Congrats to the S and N!

Mexican Concha (Shell) Recipe

September 13, 2013

 Whenever I walk into a panaderia, the warm inviting smell of cinnamon and sugar always lead me to these buns.  They are warm and soft, pillowy and comforting.  Yes, comforting.  When the sugary topping dissolves on the taste buds, and instantly a smile comes across my face.  And with that smile, I decided to try my hand at these delicious shells.  Baking bread is definitely different from baking cakes... you have to let it grow ( or rise in this case ) and knead it with love.  I was so proud of my first batch of Conchas that I decided to share this with you.  Please let me know what you think.  Enjoy!


    • 3 teaspoons active dry yeast
    • 1/2 cup warm water ( 105 degrees F to 115 degrees F or 40 to 46 celsius)
    • 1/2 cup lukewarm milk ( scalded, then cooled)
    • 1/3 cup granulated sugar
    • 1/3 cup butter, softened
    • 1 teaspoon salt
    • 1 egg
    • 3 1/2-4 cups all-purpose flour

    Flavored Topping Dough

    • 1/3 cup granulated sugar
    • 1/4 cup butter or 1/4 cup margarine
    • 1/2 cup all-purpose flour
    • 1 teaspoon ground cinnamon
    • 1/4 teaspoon vanilla extract
    • 1 1/2 teaspoons orange zest


1. Dissolve yeast in warm water in large bowl.
2. Stir in milk, sugar, butter, salt, egg and 2 cups of the flour.
3. Mix until smooth.
4. Stir in enough remaining flour to make dough easy to handle.
5. Turn onto a lightly floured surface.
6. Knead until smooth and elastic, about 5 minutes.
7. Place in a large greased bowl, then turn greased side up.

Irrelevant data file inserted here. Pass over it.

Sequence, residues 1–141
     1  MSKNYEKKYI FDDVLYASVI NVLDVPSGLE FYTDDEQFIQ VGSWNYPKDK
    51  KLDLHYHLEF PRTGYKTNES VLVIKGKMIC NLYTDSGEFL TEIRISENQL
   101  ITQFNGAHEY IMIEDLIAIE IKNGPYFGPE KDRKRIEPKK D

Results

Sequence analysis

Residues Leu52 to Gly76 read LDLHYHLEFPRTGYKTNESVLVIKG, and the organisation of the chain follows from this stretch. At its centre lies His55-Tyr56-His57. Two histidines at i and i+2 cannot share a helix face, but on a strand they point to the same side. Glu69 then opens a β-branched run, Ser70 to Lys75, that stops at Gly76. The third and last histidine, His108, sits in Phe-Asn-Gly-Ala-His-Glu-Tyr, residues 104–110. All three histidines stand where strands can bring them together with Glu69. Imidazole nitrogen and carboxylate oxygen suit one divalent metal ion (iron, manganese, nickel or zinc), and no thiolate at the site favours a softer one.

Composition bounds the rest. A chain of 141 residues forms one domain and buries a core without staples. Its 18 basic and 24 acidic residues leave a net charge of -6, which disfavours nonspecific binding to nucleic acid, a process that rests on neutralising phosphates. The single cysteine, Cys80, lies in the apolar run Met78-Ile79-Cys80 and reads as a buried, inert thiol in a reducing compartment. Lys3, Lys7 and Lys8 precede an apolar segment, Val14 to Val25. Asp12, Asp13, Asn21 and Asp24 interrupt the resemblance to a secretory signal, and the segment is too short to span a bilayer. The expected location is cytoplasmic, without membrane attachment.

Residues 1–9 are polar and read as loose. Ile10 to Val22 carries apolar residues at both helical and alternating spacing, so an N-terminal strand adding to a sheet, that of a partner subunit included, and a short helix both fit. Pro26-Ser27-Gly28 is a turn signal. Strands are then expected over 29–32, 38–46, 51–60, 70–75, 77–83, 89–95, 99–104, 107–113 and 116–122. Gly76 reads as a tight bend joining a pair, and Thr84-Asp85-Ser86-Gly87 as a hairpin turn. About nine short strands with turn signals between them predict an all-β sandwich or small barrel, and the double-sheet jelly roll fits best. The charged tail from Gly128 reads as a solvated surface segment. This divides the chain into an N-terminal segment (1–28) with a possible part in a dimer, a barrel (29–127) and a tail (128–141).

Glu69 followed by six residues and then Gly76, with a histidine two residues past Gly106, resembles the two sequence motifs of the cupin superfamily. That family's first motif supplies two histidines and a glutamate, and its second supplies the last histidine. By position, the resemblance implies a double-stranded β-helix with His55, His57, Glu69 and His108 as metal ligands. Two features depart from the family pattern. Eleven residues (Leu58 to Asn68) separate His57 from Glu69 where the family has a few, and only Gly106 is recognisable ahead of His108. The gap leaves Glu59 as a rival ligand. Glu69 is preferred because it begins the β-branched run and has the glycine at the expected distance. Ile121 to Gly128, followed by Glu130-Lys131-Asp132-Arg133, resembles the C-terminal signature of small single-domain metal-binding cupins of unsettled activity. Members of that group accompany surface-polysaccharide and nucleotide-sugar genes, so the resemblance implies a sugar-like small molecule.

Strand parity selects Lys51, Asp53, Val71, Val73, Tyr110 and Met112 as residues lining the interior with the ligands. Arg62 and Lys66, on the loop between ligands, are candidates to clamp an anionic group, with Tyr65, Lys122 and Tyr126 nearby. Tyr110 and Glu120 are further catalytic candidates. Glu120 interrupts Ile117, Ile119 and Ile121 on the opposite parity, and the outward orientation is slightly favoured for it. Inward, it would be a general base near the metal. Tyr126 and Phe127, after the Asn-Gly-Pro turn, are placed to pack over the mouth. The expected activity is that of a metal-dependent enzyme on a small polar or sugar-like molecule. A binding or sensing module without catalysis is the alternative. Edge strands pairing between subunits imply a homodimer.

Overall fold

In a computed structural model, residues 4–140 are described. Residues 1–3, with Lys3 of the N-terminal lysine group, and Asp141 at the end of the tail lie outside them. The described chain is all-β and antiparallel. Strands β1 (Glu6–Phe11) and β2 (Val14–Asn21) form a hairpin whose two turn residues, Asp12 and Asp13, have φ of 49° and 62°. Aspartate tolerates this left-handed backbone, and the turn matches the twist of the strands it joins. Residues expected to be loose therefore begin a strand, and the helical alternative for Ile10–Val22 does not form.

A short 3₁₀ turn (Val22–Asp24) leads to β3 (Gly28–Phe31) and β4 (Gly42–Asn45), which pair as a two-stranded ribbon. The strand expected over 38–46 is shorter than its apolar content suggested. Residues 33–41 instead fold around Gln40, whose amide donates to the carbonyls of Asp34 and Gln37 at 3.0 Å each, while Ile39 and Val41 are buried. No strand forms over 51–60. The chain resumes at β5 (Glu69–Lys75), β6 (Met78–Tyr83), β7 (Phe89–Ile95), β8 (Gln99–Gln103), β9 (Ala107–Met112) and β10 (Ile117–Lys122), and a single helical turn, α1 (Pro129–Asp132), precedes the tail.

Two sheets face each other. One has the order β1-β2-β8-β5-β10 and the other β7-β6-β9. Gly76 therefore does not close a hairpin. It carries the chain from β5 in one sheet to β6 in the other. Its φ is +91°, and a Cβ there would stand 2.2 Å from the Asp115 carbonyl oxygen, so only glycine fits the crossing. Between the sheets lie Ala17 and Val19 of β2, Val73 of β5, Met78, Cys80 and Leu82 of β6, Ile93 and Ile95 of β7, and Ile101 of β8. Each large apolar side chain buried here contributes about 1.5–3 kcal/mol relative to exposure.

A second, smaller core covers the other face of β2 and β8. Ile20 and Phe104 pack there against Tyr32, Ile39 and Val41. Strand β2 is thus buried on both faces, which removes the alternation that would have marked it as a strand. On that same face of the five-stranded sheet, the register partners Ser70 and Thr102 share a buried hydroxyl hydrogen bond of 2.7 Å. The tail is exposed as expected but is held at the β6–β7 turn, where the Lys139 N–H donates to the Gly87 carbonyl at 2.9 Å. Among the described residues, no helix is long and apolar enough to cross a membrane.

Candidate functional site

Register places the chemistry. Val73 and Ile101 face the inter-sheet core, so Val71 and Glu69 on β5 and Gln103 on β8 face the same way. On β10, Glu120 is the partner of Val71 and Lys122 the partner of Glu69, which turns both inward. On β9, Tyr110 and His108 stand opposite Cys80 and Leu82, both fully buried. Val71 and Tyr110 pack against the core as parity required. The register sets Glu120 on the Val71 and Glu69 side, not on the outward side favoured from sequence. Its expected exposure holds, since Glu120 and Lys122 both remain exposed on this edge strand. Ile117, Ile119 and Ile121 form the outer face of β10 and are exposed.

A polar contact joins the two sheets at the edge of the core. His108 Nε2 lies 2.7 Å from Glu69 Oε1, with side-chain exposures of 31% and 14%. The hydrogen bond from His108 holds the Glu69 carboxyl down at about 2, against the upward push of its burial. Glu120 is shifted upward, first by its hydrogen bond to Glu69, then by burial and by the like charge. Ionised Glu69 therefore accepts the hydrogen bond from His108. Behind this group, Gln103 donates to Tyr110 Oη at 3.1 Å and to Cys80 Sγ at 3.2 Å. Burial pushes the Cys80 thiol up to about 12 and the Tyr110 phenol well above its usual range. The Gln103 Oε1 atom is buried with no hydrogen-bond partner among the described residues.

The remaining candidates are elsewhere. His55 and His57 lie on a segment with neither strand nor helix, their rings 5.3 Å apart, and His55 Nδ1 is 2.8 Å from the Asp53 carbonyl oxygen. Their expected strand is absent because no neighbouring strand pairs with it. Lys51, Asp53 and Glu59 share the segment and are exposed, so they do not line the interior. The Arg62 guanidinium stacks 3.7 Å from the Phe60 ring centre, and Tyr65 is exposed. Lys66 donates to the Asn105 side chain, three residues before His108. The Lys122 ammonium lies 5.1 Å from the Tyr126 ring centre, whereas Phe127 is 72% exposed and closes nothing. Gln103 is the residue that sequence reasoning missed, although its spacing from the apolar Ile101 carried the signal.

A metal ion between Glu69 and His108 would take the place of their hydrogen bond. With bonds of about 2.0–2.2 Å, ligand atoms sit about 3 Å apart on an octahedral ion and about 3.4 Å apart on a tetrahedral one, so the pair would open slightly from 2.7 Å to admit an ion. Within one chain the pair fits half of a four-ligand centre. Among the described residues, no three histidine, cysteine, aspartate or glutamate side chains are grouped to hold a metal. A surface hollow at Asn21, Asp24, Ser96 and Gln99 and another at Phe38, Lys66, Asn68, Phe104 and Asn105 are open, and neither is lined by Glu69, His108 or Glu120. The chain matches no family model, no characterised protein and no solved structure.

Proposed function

8. Cover and let rise in a warm place until double, about 1 1/2 hours. (Tip: The longer you let it rise, the soft the bread.)  While this is rising, prepare Flavored Topping Dough.
9. The dough is ready if it leaves an indentation when touched.
10. Punch dough down; divide into 12 equal pieces. Shape each piece into a ball; place on greased cookie sheet.
11. Divide the three flavored dough into 4 equal pieces.
12. Pat each piece into a 3-inch circle. Place 1 circle of Topping Dough on each ball of bread dough, shaping it down over the ball.
13. Make 5 or 6 cuts across the topping, using a table knife, to form a shell pattern.
14. Cover and let rise until double — about 40 minutes.
Heat oven to 375 degrees F (190 celsius). Bake buns until golden brown, about 20 minutes.

Flavored Topping Dough

1. Beat sugar and margarine until light and fluffy.
2. Stir in flour until mixture is the consistency of thick paste.
3. Divide into 3 equal parts.
4. Stir cinnamon into one part, vanilla extract into one part and orange peel into one part.